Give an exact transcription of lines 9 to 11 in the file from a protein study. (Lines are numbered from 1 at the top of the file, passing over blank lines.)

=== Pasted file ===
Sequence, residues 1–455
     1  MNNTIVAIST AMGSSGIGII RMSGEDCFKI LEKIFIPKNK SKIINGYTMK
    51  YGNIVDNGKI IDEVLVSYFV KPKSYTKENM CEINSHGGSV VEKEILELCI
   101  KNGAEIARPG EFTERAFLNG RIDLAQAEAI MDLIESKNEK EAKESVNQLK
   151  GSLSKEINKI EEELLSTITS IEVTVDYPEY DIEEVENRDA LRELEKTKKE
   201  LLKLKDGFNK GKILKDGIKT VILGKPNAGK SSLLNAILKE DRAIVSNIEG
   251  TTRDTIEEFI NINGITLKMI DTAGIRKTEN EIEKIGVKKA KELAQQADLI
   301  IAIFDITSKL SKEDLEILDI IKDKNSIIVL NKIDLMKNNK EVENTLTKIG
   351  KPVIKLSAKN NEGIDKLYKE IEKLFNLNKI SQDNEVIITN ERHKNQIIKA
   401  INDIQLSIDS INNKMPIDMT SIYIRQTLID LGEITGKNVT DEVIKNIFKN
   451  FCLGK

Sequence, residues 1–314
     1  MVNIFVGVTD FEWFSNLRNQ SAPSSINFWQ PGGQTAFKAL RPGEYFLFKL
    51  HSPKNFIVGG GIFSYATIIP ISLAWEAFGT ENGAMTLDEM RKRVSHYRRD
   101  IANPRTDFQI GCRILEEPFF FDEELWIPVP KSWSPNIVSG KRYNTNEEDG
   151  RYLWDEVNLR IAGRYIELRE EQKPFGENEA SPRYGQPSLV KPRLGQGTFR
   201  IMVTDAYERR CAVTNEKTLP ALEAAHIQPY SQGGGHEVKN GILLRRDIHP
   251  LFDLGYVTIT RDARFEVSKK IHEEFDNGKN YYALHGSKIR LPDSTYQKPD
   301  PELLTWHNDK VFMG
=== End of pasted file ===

   351  KPVIKLSAKN NEGIDKLYKE IEKLFNLNKI SQDNEVIITN ERHKNQIIKA
   401  INDIQLSIDS INNKMPIDMT SIYIRQTLID LGEITGKNVT DEVIKNIFKN
   451  FCLGK